Adaptation: Edwin Morgan from the book by Edmund Rostand
Director: Dominic Hill
Reviewer: Dominic Corr
Loosely (rather loosely at that) based upon Edmund Rostand’s 1897 play, Cyrano de Bergerac has previously been translated into Scots by Edwin Morgan. Returning to bring some panache into the Lyceum, delivering the concocted mythos and life of a man who embodied the true sense of romance.
A herald of poetry, vim and vigour, Cyrano De Bergerac is a serving nobleman. An exceptional man of letters and duelling, he is however, forever cursed with a rather large honker. A nose which earns ridicule, but not without vicious rebuttal – we quickly realise that nothing is sharper than Cyrano’s blade other than his tongue. Desperately in love with his cousin Roxane, unable to overcome his self-consciousness, Cyrano is forced to convey his adoration through ghost writing for Cadet Christian.
Words, fascinating how the arrangement of sounds and letters can conjure such reverence. With the right tone or direction, they have the ability to conjure love, provoke war or scar with envy. Apart from the performers, it is Edwin Morgan’s Scots translation which truly captures the core of Rostand’s original play. The Scots translation lends itself strikingly to the text, accentuating it to innovative heights – though arguably at the cost of some pathos. Certain word choices lead to an enriched humour, if they do lose a touch of the dramatic for the audience.
What use are words without their bard to recite them? Brian Ferguson channels the swashbuckler, the broad Caledonian heart of Morgan’s translation, a key part of his character. Balancing the sorrow of his desires whilst delivering a performance which fills the theatre with laughter. Every utterance is delivered with passion, by someone who isn’t recycling but reciting each verse as if it were anew. Jessica Hardwick’s Roxane at first seems deceitfully simplistic, her role almost archaic. It is not until the infamous balcony scene in which we see the two provide the sought after drama we all cry out for.
Be wary though, for this is a bum-number, clocking in at just over three hours long. Cyrano De Bergerac devotes time for the cast to develop their character. Time to be properly introduced, grow and garner emotion from the audience. The lack of a caesura means we transition from verse to verse, across character. Even the most talented of linguists will throw their hands up, literally lost in translation.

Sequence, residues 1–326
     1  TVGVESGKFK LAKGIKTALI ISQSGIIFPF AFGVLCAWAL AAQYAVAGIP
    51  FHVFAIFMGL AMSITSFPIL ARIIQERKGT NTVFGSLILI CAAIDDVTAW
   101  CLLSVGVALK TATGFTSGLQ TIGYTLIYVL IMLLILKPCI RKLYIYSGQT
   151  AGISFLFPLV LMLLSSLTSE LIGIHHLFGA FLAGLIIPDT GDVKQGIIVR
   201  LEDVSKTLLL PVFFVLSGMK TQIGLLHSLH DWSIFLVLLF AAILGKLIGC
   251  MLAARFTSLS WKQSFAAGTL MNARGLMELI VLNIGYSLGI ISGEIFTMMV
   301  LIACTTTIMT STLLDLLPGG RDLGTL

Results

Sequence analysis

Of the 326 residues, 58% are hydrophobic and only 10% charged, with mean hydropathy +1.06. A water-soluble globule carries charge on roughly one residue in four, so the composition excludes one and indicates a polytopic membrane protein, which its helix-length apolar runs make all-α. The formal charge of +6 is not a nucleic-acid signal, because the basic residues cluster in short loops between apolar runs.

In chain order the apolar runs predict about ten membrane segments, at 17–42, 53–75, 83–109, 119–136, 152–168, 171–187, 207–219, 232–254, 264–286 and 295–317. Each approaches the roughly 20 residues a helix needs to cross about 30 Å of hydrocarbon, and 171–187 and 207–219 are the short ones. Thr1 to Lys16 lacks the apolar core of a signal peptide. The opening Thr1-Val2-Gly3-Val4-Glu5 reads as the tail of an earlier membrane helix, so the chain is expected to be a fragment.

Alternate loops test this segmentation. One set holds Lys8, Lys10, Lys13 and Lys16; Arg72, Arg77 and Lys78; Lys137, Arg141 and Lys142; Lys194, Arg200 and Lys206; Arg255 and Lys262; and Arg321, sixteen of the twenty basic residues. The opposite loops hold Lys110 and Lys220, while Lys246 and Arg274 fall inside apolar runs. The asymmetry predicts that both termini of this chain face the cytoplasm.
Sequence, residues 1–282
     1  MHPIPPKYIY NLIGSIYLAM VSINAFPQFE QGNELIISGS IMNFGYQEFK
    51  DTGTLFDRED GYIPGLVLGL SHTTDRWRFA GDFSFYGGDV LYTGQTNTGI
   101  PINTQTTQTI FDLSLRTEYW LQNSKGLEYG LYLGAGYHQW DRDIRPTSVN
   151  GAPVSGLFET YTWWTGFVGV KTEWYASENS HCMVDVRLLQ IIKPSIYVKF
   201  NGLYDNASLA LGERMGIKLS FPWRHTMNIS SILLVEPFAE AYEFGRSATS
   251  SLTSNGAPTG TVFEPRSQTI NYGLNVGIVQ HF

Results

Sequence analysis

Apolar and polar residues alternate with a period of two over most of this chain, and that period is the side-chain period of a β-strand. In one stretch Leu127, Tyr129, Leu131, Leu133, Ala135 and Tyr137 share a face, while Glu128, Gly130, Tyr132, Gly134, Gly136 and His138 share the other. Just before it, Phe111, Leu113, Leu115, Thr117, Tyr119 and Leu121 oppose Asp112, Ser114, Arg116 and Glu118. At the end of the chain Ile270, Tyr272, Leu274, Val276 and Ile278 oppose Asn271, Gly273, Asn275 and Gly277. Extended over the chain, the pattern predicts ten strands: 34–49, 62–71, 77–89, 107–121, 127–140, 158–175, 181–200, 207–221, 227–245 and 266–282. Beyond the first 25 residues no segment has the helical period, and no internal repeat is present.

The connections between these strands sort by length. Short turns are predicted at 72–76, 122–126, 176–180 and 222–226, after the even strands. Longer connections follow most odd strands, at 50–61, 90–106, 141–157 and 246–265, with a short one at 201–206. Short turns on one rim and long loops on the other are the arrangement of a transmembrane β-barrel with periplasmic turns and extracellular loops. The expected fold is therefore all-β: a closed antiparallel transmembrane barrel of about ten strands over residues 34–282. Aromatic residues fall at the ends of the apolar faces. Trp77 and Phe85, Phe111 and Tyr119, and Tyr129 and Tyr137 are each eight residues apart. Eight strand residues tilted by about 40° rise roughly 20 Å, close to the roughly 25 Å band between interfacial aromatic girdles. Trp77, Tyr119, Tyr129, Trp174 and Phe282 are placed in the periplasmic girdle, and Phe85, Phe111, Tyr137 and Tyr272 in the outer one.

Tom Piper’s set design is spectacular. Breaking open the stage to flow into the audience, the wings and aisles utilised for the casts entrances. We are the production. We are involved, not simply through participation but in as an invitation to the goings on around us. Stripped to its essential form, there is a raw grandeur. Performer’s warm-up, framed around a translucent curtain, a set of stage steps wheeled across to convey the balcony.
It is highly advised that, as difficult as it may be, to remove your gaze from Cyrano’s infamous nose. Instead, allow your eyes to absorb the continued marvels of Pam Hogg’s costume design. Jessica Hardwick’s Roxane is the real victor here, Hardwick’s gowns are exquisite.
Cyrano De Bergerac has put Scots on display, the Teacakes and Irn Bru – the ambrosia of a nation. Not entirely accessible though, largely in part to word choices, there is an effort to be made by the audience at first. Fear not though, have a drink or two and surrender yourself to the barrage of words, lock rapiers with Cyrano and embrace the artistry surrounding you.
Runs until 3 November 2018 | Image: Mihaela Bodlovic